The Damatool Container eliminates the vertical temperature difference problem at both the liner and the die by utilizing 2 temperature control zones at the top and the bottom. Thus, the speed of the product exiting at the top or bottom of the die will be equal.

The basic technical feature of the Damatool Container is its ability to control the temperature of the die entering billet from the beginning until the end of the extrusion. Nevertheless, a healthy control is only possible with a well operating Dummy Block. The Dummy Block pushes the billet inside the container and withdraws then by leaving a thin layer of aluminium on the liner wall. The successful interaction between these two components has a critical importance for a better extrusion. The efficiency of each should not be measured separately, but along with the other interacting components.


The experiences have shown that the Damatool Container, designed to heat the liner primarily and not the container mantle, can decrease the costs of the utilized energy by up to 75%. At the same time are also long termed savings provided with extended mantle life-time. Mantles will maintain their hardness by eliminating excessive heating. Extreme internal thermal stresses, possible to result in cracks, are thus eliminated. Also due to vertical temperature differences at the dies possible to incur scraps are avoided. Extrusion products can now be produced in accordance to the profile tolerances and at speeds, which were not possible until present. Whilst extrusion companies sell their products length based, they gain the advantage of saving from costs by producing close to the minimum tolerances.


Container Liner

The liner mainly resists during the extrusion against the wearing effects of metals and metal oxides. Preserving the hardness at high temperatures is only possible by decreasing the flexion. That’s why the liner needs the support of the container against breakages.


The mainly material features of the container liner are that it has a high hardness, high resistance, a very low flexibility structure. We suggest AISI H13 (DIN 1.2344) or DIN 1.2367, a derivate of H13, as the container liner material.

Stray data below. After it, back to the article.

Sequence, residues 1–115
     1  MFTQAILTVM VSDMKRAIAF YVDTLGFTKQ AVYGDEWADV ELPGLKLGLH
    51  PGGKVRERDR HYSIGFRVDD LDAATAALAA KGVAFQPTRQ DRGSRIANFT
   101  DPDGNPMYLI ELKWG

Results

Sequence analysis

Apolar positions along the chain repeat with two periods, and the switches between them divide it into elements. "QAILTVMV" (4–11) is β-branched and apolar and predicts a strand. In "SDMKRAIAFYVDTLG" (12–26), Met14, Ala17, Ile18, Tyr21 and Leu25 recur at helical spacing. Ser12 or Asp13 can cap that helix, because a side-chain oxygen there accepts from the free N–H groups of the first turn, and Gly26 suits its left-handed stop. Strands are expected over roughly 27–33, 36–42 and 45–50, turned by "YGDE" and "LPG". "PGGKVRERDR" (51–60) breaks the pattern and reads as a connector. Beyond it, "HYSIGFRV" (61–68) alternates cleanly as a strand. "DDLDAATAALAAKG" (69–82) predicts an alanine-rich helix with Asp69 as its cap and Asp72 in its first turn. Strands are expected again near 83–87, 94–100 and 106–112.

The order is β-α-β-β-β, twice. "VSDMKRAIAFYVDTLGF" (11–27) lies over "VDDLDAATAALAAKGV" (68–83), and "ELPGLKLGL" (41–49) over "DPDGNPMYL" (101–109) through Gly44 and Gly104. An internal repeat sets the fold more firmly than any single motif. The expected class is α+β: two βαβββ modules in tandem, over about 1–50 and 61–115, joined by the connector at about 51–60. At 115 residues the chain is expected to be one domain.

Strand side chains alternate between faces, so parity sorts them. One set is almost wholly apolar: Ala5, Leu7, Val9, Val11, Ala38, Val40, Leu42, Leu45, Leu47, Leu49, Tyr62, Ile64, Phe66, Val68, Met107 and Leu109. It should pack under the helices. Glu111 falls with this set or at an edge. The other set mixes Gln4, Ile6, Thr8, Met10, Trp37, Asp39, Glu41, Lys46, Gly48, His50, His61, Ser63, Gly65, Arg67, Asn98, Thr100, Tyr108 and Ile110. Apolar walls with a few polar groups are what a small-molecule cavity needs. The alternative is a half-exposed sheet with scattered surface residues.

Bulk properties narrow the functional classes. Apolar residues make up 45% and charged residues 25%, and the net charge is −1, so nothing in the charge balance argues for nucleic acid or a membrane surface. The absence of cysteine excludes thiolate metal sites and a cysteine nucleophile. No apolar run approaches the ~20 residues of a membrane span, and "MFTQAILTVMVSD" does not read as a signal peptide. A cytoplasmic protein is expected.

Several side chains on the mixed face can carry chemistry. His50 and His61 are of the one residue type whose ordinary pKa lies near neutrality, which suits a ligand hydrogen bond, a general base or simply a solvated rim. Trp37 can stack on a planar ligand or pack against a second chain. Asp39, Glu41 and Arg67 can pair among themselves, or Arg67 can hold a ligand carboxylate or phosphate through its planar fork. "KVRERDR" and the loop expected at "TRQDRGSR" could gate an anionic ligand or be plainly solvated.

The shrink fitting method provides that the container holds the liner. The liner is subjected to a circular load, a friction between the container and the billet. The shrink fitting method is applied in order to prevent any slipping between these two parts. The shrink fitting ratio is calculated according to the inner diameter size of the container mantle.


Potential reasons for damages;

The liner might be damaged due to following reasons;


Thermal shock: The liner is very sensitive against any thermal shock. Any sudden heating up or cooling down can cause cracks.


Support deficiency: The liner should be fully supported by the container. This means that the shrink fitting should be performed properly, otherwise deteriorations will incur due to stresses during the extrusion. A higher container temperature than the liner temperature will eliminate the provided support.


High temperature: The liner material will soften at high temperatures. As a result pre-mature wear will be observed. Temperatures at normal values will ensure a longer life time and savings.



Measures for preventing damages and extending the liner life time;

  1. Heat up the liner prior to the usage. A slow heating up (60°C/hour) is recommended.
  2. Be sure that the pre-heating process doesn’t harm the shrink fitting tightness.
  3. Provide that the liner remains warm when the extrusion press is not operating.
  4. Be sure that the container temperature doesn’t exceed the liner temperature.
  5. Avoid a direct fire contact.
  6. Do not weld.
  7. Be sure that the die side contact surface is clean.


Extrusion Container Care and Maintenance

In fact, the extrusion press is performing a serious job. That’s because high pressures are applied on its main parts. The tie rods and the main cylinder are stressed, the front press plate yields and the liner is subjected to a radial pressure at each pressing.


That the container and liner unit are flexible sets means that they have a definite life time. At the same time, these parts of the pres are the candidate parts for the most wear. When we except the die part, the container and the liner are parts subjected to operate continuously at high temperatures. The stem heats up, too, but this happens by the half of the temperature of the container. Yield can be obtained from the container and liner duo, forced to provide a performance under the combination of high pressure and temperature, by following definite procedures only.